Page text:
Mastercard economic outlook for 2023

What the ‘multi-speed’ global economy means

The Mastercard Economics Institute released its annual forecast for the coming year which shows how a new multi-speed global economy will impact growth and consumer spending behavior. A multi-speed global economy means some markets will feel the impact of inflation and rising interest rates more keenly.

‘Economic Outlook 2023’ draws on a multitude of public and proprietary data sets, as well as models that are intended to estimate economic activity across Eastern Europe, the Middle East, and Africa (EEMEA) region.

The report explores four themes that will continue to shape the global economic environment — high interest rates and housing, trading down and shopping, prices and preferences, and shocks and omnichannel.

Read: Will China be the channel to achieve global growth in 2023?

Key findings


After years of a housing boom, higher interest rates are expected to squeeze the cost of living budgets, shifting the way consumers spend broadly.

In major developed countries, we expect housing-related spending as a share of goods to fall an estimated 4.5% over the course of 2023, below pre-pandemic levels.

  • In South Africa, the housing-related share of spend decreased by 1 percentage point in 2022 versus 2019.
  • In the UAE and Saudi Arabia (KSA), housing-related spend remained at the same levels (5.90% for UAE and 10.9% for KSA) in 2022 as compared to 2019.

Broad spending should remain resilient in the face of inflation, with consumers choosing wallet-friendly brands and chasing the best value.

Globally, grocery shoppers made 31% more trips to the store this year compared to 2019 – partially to reduce food waste – while their average spend per visit is roughly 9% lower.

  • As of September 2022, consumers in the UAE increased their grocery shopping trips by 28% compared to September 2019 but spent 21.4% less per visit.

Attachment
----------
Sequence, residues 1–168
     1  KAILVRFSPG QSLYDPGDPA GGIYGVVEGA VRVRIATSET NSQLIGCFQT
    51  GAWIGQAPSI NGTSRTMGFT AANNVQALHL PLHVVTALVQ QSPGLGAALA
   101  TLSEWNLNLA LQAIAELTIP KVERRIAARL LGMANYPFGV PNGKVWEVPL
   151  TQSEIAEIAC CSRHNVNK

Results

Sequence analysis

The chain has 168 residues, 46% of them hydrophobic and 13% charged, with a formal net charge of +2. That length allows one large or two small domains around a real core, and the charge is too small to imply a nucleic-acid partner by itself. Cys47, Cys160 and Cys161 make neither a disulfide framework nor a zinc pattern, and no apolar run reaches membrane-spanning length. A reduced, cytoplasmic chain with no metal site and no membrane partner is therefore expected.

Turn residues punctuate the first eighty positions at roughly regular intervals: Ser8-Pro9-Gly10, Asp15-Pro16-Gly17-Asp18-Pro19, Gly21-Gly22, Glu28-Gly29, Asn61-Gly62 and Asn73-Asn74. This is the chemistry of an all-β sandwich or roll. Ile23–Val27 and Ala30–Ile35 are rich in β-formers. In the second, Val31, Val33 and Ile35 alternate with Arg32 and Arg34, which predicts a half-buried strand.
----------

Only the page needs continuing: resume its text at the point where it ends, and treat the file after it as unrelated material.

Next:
• Restaurant spending frequency in the UAE was nearly 30% higher in September 2022 than in September 2019, while the average ticket size was nearly 20% lower as even higher-income consumers rein in excess

As food and energy costs eat up a greater share of the consumer budget, lower-income households will feel an especially strong pinch.

From 2019 to 2022, we saw discretionary spending by high-income households grow nearly twice as fast as lower-income households. However, much of this gap will diminish with the normalization in inflation. The Economics Institute expects inflationary pressure to ease next year, with the average inflation rate of developed economies falling from 7.1% YOY in Q4 2022 to 3.1% YOY in Q4 2023.

  • Many markets in the Middle East and Africa show a larger gap between the affluent and non-affluent households in 2019 vs 2022 discretionary spending – Morocco (71%), Madagascar (70%), Jordan (60%), Senegal (55%), Kenya (39%) and Zambia (34%).
  • In Qatar, however, the trend is different. From 2019 to 2022, discretionary spending for affluent cardholders grew 104.9% while discretionary spending for non-affluent cardholders grew 103.9% a difference of 1 percentage point.

Businesses with an omnichannel presence are likelier to withstand shocks by meeting the customer where they want to shop.

Our analysis suggests that having a multichannel presence provided a 6-percentage point lift in retail sector sales through 2022[5]. Small and large restaurants were saved from losing an additional 31% of sales during the height of lockdowns with their omnichannel presence. Similarly, small omnichannel clothing stores outperformed online-only and brick-and-mortar-only firms, growing 10% and 26% faster, respectively.

You can view the full Shifting Wallets: New consumer spending habits report here.

For more on the economy, click here.